Alexander v. Grandview Lakes Association, Inc.
ORDER denying 37 Motion to Stay; denying 33 Motion to Disqualify Counsel.. Signed by Magistrate Judge Roy Percy on 12/13/16. (bnd)
IN THE UNITED STATES DISTRICT COURT
FOR THE NORTHERN DISTRICT OF MISSISSIPPI
CIVIL ACTION NO.: 3:16CV190-MPM-RP
JERRY MCADAMS and
GRANDVIEW LAKES ASSOCIATION, INC.
ORDER DENYING MOTION TO DISQUALIFY COUNSEL
Plaintiff has moved to disqualify Wesley Hisaw and his law firm, Holland Law, P.C., from
the representation of Jerry McAdams and Grandview Lakes Association, Inc. Docket 33.
Plaintiff argues that Mr. Hisaw and Holland Law, P.C. have a conflict of interest in that Jim
Holland, also of Holland Law, P.C., represented plaintiff in litigation in the Circuit Court of
Desoto County, Mississippi concerning property which is at issue in another lawsuit plaintiff
currently has pending in this district. Docket 33, p. 1. He alleges that Holland Law, P.C.
“obtained information for the Plaintiff that serves, as now hired and representing the defendants
in this cause.” Docket 33, p. 2. Plaintiff further asserts that Mr. Hisaw’s presence in open court
at the Case Management Conference in another case filed by Mr. Alexander and discussion of the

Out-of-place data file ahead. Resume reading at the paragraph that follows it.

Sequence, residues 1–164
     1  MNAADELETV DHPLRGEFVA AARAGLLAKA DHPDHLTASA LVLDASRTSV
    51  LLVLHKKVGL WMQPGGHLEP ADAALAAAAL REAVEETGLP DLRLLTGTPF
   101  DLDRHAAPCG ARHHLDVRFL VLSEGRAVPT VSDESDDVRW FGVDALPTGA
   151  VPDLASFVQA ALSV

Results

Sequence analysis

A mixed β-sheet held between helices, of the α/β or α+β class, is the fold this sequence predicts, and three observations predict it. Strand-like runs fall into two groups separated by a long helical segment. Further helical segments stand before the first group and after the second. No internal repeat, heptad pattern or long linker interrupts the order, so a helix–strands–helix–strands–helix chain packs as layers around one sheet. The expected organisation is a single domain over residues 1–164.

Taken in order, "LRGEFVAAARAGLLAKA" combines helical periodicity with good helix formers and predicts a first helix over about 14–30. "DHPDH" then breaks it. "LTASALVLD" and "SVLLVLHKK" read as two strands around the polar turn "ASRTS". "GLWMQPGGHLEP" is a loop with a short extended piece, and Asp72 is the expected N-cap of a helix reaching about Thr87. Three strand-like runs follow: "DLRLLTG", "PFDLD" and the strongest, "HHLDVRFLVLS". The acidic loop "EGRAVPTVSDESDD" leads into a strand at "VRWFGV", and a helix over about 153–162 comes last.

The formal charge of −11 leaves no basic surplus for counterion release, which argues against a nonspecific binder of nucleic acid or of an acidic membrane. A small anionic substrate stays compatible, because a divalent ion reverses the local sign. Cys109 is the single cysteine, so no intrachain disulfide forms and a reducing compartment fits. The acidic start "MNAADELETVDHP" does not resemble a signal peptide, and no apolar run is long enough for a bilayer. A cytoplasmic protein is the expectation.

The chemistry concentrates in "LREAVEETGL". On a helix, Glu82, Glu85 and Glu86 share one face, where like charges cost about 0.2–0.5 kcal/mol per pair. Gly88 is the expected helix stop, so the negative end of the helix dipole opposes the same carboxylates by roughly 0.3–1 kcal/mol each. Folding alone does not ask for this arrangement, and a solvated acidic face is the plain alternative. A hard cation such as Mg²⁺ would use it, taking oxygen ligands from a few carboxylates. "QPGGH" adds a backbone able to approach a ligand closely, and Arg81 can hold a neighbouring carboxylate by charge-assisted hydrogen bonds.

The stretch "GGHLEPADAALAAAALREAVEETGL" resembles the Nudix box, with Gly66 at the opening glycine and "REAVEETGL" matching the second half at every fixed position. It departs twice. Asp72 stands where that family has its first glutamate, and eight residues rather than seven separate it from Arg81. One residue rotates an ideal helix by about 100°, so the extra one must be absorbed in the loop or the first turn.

litigation with defense counsel in that case “create[s] an appearance [of] impropriety so obviously
and so staggering in their corrupt potential, that this Court must use its power to protect the
integrity of the system . . .” Docket 33, p. 3. Plaintiff argues that the two cases currently pending
in the Northern District of Mississippi “have many similarities that serves to unjustly advantage
defense counsel’s efforts at litigating the Plaintiff’s current case.” Docket 33, p. 2.
In response, defendants advise that the previous representation of plaintiff by Jim Holland
occurred sixteen years ago and “involved a private dispute with a construction company in the
Twin Lakes subdivision concerning alleged damages to lakes owned by the Plaintiff.” Docket 35,
p. 3. According to defendants, the current litigation concerns water coming from a lake in the
Hills View subdivision and the two cases have “absolutely nothing to do with each other.” Id.
According to defendants, Mr. Hisaw has “no information that would be confidential that could be
used in this action.” Defendants’ response further notes that “except for information that is on
public record there is actually no information on the plaintiff at all currently.” Id. at 4.
Additionally, defendants assert that if any conflict actually existed with the representation of
defendants by either Mr. Hisaw or Holland Law, P.C., plaintiff waived it by failing to raise the
conflict before the answer, amended complaint, motion to dismiss and response, initial
disclosures, discovery and other documents were filed. Docket 35, p. 4.
The Fifth Circuit has articulated a two part test for disqualification of an attorney based
upon successive representations. Johnston v. Harris County Flood Control District, 869 F.2d
1565, 1569 (5th Cir. 1989), cert. denied, 493 U.S. 1019, 110 S.Ct. 718, 107 L.Ed. 2d 738 (1990).
The Johnston Court held “[a] party seeking to disqualify opposing counsel on the ground of a
former representation must establish two elements: 1.) An actual attorney-client relationship